Through his ethnographic investigations on the Shoshone, Paiute, and other indigenous societies of the Great Basin and Plateau region, Steward specified three interrelated foci for field research on the cultural ecology of a particular society: the natural resources and the technology used to extract and process them from the environment; the behavior and social organization involved in the labor in these subsistence and economic activities; and the influence of these two sets of phenomena on other aspects of culture. The third component Steward termed the culture core, although he later retreated from that concept. Accordingly, by the 1950s Steward developed an ecological framework for describing, and to some degree explaining, a particular culture. His approach emphasized the relationships among the biophysical environment, natural resources, technology, labor, economy, and social organization. Steward discreetly rejected the dominant position of Franz Boas and his followers like Alfred Kroeber, namely, that culture and history were sufficient to explain all of culture. Cultural ecology was the focus of Steward’s last fieldwork, a six-week trip to the Carrier people of British Columbia in the summer of 1940 where he worked mostly with one key informant.
In subsequent decades, Steward’s cultural ecology was criticized on several grounds. His theoretical concepts, like the culture core, were not very clear and readily operational; his method was mostly intuitive; he was a functionalist with some of the pitfalls of that approach; correlations were confused as cause and effect relationships; and he ignored relevant aspects of biological ecology. In addition, Steward focused rather narrowly on subsistence economy to the neglect of many other important factors, such as population dynamics, natural hazards, political institutions, religion, and the larger regional and world systems. His biographer, Kerns, has also revealed male gender bias in his work, especially his concept of the patrilineal hunter-gatherer band which in turn contributed to the “Man the Hunter” image. In addition, Steward’s ethnographic field methods involved interviewing individual elderly informants in English or through an interpreter to record memory culture, a common practice at the time. Like most anthropologists until recently, Steward focused on traditional culture and ignored the colonial situation that oppressed indigenous societies, assuming the inevitability of their socio-cultural assimilation or even extinction. Nevertheless, Steward, far more than any other single individual, launched ecological research in cultural anthropology and archaeology in America. His successors, including his critics, built and continue to build their own work on the basic foundation he established.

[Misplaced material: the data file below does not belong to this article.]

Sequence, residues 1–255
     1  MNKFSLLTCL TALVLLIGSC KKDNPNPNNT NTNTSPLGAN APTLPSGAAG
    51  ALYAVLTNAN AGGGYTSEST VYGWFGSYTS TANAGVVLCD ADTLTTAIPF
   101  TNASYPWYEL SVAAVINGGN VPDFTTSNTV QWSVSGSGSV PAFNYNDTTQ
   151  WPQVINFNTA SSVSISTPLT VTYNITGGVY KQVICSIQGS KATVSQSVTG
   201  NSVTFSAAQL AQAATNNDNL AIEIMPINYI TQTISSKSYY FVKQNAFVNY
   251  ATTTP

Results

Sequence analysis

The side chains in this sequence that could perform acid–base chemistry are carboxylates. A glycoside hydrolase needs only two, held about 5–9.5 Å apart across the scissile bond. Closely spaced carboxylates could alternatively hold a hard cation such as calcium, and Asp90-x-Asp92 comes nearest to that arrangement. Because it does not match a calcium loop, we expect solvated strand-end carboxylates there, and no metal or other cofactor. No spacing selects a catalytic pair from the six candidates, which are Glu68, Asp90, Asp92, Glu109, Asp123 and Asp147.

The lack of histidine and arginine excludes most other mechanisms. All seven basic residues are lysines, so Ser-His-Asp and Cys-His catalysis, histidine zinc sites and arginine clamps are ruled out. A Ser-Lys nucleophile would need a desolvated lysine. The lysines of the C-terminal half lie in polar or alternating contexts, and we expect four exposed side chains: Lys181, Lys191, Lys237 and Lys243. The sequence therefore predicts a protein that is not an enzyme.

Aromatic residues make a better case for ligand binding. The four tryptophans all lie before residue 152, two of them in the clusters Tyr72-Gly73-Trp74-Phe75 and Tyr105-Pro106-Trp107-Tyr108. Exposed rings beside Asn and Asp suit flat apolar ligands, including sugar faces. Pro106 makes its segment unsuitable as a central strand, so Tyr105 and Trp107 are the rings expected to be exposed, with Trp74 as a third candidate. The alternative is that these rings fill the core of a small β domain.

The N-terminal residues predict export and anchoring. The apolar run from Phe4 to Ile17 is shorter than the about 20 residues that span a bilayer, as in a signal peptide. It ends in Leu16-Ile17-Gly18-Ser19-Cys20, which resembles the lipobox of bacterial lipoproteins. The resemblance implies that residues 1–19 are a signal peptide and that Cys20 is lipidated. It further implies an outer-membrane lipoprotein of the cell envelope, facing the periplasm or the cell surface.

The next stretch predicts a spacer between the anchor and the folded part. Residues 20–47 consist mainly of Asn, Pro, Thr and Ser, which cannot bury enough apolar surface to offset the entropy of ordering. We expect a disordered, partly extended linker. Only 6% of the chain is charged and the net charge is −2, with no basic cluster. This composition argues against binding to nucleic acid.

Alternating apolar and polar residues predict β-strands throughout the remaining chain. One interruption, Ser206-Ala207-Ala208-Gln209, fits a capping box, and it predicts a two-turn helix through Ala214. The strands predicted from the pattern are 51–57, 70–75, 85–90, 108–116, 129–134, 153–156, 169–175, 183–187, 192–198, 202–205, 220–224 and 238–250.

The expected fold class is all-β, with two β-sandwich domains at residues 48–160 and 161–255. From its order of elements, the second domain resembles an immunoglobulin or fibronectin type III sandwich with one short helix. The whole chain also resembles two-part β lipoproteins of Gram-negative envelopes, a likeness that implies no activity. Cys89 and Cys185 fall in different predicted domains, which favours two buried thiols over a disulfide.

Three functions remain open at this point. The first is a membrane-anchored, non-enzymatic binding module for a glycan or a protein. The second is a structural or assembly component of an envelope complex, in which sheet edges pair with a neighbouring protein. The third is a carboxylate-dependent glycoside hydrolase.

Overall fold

Steward’s methodological approach, which he called multilinear evolution, was to select for detailed comparison a small number of particular cultures that were in similar environments (e.g., same types of desert or forest) and at the same level of sociocultural complexity (family, tribe, or state). The cultures selected should be widely separated geographically to avoid the possibility of cultural similarities arising from diffusion. Consequently, similarities in the sample of cultures that Steward selected would be the result of parallel adaptations in the sense of similar responses to similar environmental conditions.
This thinking fed into the evolutionary typology of political organization still used to this day by many anthropologists of band, tribe, chiefdom, and state. However, Steward rejected 19th-century unilinear evolutionism, the idea that all societies inevitably pass through a series of stages from simple to complex cultures. Instead, he envisioned far more complex phenomena with multiple lines and rates of cultural evolution, each depending on the variables in specific situations. Actually Steward had a deep revulsion to any grand theorizing or dogma. Unlike another neoevolutionist, Leslie White, who was concerned with universal laws of culture, Steward searched for specific cause-effect relationships in a limited set of circumstances and phenomena.